I call him Class Warrior. He stands in front of me at a Circle K station. He is an outsider, excluded from the winnings market free play has placed in the coffers of wealthy insiders. He doesn't look like he's thriving in our capitalist environment.
Everyone in Tucson who looks Mexican, as this young man does, is now suspected of being illegal and must show proof to the contrary. It may be that now the greatest transgressive spirit hangs on the identity of Mexicans, of Chicanos, who are all under suspicion in Arizona's capitalist environment.
I expect anger and here it is, standing right in front of me. Something in the capitalist environment has engineered the bloody politics of revolt that is summed up on the back of the black T-shirt he wears:
“Class war: we have found new homes for the rich,” it spells out in all caps.
The image is of a graveyard, of row upon row of white crosses on a black background. “Look at this,” he says, showing me a swatch of cloth on the other side of his shirt. The message again screams out through capital letters.
“Warning! Rich scum beware! Class war coming soon to a street near you.”
Class Warrior wears his grassroots protest on his T-shirt, while the Tea Party has sent the representatives of their own, very different kind of protest to Congress. The gold earrings he wears in the middle of his earlobes, his T-shirt warning to the rich and suggestions that the capitalists are going to get bloodied are clearly not the winning social engineering strategy here.
For the Tea Partiers, a capitalist environment does not “engineer,” but “liberates” through competition, a zero-sum competition in which one individual does better only at the expense of another. The winners thrive, achieve and produce, while the losers fall back and find solace in non-capitalist traditions, or turn their marginalized status into a platform of dissent and revolt. The losers hang around gas stations and don't wear patriotic costumes.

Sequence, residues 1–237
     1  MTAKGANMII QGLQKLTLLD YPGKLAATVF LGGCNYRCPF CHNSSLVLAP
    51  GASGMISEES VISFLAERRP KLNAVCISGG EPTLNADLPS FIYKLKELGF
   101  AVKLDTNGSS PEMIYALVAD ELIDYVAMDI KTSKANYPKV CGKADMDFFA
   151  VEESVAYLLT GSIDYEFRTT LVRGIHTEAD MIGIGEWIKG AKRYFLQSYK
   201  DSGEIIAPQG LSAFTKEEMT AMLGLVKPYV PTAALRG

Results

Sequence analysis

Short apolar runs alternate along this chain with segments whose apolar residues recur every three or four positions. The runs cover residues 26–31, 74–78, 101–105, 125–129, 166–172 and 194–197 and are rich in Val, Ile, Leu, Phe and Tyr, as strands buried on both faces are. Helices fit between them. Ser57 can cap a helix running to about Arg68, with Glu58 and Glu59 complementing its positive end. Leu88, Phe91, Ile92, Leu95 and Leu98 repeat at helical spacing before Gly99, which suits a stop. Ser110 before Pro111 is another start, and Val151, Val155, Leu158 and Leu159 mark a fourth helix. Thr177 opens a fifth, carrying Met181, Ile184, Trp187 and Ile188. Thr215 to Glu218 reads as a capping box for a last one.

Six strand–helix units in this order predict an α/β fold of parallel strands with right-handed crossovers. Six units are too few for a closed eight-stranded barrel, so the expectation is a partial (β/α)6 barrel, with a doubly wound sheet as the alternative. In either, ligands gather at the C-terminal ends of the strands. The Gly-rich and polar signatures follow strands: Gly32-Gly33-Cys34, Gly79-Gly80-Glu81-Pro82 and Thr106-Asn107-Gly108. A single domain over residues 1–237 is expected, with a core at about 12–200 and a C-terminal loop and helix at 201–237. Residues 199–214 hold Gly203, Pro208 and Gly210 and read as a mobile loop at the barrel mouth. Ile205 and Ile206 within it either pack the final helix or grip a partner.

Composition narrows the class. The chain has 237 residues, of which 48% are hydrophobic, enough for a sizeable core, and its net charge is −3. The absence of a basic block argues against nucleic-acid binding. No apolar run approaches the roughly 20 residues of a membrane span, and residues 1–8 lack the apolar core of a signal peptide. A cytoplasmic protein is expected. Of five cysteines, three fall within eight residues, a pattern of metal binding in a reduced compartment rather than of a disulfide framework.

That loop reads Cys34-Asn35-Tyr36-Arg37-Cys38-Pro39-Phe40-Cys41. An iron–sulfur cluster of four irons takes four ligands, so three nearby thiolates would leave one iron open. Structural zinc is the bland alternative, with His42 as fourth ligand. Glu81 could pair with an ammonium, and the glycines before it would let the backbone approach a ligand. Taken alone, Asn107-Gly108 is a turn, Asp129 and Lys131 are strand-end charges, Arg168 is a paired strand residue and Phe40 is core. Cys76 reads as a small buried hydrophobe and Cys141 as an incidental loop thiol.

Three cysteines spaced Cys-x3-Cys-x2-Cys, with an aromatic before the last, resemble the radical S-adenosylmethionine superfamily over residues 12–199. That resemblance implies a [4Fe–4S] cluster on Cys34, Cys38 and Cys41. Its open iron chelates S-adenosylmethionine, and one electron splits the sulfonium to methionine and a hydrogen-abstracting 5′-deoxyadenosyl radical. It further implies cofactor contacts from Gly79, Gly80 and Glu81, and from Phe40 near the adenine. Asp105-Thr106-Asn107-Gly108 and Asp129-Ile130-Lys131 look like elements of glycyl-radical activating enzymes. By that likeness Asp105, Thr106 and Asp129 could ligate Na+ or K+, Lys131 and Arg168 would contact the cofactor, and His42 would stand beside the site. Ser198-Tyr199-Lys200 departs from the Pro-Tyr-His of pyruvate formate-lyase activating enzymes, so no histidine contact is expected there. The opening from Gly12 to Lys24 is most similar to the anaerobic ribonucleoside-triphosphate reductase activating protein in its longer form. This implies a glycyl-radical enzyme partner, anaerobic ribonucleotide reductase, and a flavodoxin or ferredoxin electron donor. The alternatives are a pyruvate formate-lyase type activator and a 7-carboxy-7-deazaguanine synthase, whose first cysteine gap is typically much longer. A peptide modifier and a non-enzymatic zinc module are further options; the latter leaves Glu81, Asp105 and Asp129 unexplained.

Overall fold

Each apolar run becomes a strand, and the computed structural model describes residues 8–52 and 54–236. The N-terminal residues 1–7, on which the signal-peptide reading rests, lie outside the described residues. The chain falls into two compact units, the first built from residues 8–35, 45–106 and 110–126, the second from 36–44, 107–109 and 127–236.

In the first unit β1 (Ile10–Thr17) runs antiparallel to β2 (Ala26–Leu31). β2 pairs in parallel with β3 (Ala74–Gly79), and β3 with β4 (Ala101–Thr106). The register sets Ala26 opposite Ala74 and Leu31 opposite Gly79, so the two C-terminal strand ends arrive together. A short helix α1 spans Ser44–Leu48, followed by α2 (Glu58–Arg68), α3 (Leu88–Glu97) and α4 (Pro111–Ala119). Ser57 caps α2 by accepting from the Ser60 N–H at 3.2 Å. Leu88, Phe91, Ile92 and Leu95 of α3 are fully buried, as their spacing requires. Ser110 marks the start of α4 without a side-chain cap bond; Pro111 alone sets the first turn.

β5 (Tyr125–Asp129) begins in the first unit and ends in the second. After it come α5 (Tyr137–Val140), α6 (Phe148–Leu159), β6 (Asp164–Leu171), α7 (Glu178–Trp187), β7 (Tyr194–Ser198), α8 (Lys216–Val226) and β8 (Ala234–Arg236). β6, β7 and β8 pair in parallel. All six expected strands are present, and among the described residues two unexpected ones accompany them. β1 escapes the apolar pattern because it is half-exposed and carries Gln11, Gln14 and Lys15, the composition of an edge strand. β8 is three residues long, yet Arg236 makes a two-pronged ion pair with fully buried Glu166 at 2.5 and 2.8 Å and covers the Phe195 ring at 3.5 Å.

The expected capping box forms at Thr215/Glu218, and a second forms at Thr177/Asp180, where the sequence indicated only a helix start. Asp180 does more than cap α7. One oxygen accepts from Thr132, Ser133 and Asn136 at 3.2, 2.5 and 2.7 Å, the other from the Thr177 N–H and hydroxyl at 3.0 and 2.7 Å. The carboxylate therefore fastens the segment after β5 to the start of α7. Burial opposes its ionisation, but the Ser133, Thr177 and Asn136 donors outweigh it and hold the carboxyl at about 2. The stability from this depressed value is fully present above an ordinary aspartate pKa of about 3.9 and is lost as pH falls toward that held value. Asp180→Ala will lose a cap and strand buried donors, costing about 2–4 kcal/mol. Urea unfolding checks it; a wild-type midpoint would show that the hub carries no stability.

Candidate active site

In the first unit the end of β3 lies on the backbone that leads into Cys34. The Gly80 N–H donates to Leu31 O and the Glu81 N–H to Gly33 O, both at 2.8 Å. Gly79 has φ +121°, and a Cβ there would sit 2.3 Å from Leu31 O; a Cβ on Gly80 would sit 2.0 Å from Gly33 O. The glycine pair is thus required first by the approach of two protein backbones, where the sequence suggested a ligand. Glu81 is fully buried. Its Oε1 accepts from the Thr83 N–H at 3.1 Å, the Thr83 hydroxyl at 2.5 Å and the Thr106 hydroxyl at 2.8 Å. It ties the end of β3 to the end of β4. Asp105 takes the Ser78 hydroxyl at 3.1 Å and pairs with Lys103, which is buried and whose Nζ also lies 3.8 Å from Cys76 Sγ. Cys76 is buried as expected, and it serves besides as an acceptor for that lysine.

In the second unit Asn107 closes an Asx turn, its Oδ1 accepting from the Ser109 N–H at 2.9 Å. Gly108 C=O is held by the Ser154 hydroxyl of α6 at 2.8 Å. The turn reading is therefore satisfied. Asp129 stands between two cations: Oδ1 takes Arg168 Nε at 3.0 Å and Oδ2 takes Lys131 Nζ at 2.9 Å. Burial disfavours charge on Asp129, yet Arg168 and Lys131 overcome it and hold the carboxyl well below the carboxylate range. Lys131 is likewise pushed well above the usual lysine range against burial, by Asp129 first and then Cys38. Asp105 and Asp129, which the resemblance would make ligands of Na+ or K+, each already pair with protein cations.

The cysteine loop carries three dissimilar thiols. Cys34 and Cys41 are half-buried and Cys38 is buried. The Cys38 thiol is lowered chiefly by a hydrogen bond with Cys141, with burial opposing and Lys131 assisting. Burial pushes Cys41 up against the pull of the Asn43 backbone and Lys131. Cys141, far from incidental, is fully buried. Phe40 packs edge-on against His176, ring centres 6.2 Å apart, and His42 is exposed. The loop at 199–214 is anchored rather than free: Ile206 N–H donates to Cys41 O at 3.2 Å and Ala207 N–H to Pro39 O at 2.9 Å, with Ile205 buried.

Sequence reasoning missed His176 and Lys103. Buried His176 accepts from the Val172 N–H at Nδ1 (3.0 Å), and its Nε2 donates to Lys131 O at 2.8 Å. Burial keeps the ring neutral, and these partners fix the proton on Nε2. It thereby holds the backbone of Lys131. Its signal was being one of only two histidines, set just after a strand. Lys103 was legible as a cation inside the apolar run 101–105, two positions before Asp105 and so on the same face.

I tell Class Warrior we're in a tug of war in this country and only the rich are pulling. He likes that. “We should have it,” he says. “We don't have it. But we will.” He's clearly enrolled in a school that's growing. Call it, “The Only Way to Break Free of the Hold the Rich Have on Us Is to Bury Them,” school. This attitude is what the millennial generation might refer to on Facebook as “harsh.” I fear Class Warrior might be unfriended and targeted as a hater. One of the tenets of the “Bury Them” school is that no one with wealth and power wants to alter that state of affairs, nor will they allow others to do so. Class Warrior doesn't wear a T-shirt that reads, “Vote Wealth and Power Out NOW!” or “Vote for Wealth Redistribution NOW!” I guess it's because Class Warrior doesn't have faith in voting in a plutocracy.
Class Warrior believes in a revolt against the rich, but he does not believe that what President Obama recently expressed has a chance of success:
This idea of bringing everyone together and making sure that everybody is contributing, everybody is responsible, but everybody also looks out for one another – that's the idea at the heart of our last campaign. That's the idea at the heart of this campaign. That's the idea at the heart of America.